If anyone asks, Gov. Tim Walz of Minnesota has an endorsement in the Republican presidential contest — his Red River neighbor, Gov. Doug Burgum of North Dakota.
“I’m not a Republican, I’m not going to vote in the Republican primary, but if I did I’d vote for him,” Mr. Walz said as Mr. Burgum addressed a small and not terribly rapt audience at the Iowa State Fair’s political soapbox.
The Walz endorsement — he’s a Democrat — probably won’t do much for Mr. Burgum in Iowa’s Republican caucuses. Mr. Walz came to the fair to tout his party’s policies and promote President Biden’s re-election campaign amid the thicket of Republican White House hopefuls who aim to knock Mr. Biden out of the Oval Office.
During a tour of the fair’s midway, Mr. Walz ticked through all the usual Biden campaign talking points, discussed how Minnesota’s state fair is superior to Iowa’s (“There’s no shame in being second,” he said), wondered if anyone would heckle former Vice President Mike Pence during his appearance Thursday afternoon and chowed down on a pork chop on a stick.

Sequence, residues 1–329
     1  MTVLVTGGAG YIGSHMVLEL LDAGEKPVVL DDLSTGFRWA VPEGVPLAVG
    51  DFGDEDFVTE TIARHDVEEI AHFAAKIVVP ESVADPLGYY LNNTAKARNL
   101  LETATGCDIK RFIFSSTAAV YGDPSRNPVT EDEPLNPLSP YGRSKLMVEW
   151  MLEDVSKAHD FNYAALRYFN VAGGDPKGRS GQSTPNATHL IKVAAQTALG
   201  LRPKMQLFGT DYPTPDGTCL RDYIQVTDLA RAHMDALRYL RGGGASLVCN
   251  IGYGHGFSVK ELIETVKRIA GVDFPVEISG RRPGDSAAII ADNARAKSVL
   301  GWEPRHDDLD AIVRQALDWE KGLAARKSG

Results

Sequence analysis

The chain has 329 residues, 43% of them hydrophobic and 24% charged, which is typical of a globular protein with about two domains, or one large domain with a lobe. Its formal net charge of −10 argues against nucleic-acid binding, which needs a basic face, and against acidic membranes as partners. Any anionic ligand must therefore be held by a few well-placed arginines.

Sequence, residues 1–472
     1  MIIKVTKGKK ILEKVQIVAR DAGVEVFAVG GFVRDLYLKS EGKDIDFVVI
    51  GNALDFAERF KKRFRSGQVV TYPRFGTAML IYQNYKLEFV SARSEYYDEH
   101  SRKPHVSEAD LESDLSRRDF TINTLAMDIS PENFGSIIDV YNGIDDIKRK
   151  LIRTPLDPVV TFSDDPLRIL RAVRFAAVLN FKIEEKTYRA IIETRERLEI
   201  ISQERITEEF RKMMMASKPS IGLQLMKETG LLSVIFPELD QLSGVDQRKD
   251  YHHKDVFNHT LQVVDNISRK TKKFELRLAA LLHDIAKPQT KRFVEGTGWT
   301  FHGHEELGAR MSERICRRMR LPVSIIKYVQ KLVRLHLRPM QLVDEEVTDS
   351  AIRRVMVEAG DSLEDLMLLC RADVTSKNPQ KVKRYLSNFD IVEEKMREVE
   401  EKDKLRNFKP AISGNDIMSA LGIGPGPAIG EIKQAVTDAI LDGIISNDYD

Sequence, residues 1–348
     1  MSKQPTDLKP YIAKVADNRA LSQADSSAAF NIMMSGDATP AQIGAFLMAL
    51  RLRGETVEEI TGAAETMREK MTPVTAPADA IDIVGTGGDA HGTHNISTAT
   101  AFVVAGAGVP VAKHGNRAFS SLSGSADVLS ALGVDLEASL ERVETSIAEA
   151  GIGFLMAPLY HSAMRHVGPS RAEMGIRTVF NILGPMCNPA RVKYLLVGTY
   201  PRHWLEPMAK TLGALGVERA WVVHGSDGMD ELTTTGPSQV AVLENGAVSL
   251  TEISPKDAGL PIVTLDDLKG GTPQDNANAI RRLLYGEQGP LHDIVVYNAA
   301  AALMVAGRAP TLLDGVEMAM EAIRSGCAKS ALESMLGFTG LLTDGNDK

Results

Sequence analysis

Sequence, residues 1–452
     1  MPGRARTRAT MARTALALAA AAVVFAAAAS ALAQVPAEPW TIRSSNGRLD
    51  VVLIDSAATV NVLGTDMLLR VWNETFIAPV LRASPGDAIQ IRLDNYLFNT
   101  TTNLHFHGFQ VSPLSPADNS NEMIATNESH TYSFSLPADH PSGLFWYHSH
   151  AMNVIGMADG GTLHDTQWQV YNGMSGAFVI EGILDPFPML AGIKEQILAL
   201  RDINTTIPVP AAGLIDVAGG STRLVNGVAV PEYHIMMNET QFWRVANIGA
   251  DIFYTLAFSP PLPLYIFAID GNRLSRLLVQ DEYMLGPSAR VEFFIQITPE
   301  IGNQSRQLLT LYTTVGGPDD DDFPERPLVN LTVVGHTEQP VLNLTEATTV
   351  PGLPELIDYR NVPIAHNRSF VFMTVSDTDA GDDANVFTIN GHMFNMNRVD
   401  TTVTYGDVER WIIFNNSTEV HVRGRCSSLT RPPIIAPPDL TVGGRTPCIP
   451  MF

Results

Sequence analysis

With an entourage that included Rita Hart, the Iowa Democratic Party chair, and Sarah Trone Garriott, a state senator from West Des Moines, Mr. Walz said he viewed the political happenings here with the curiosity of a first timer, wondering why Mr. Burgum hadn’t done more to organize supporters to hear him speak and confessing that he doesn’t believe any of the dozen Republican rivals to former President Donald J. Trump will emerge as the G.O.P. nominee.
“There’s no doubt in my mind whatsoever” that Mr. Trump will be the Republican presidential nominee, Mr. Walz said.
So what did he think the rest of the Republicans were doing making successive pilgrimages to the state fair to sweat through a weekend of fried food?
“It’s hard to tell,” he said. “That’s what I’m here to watch and see.”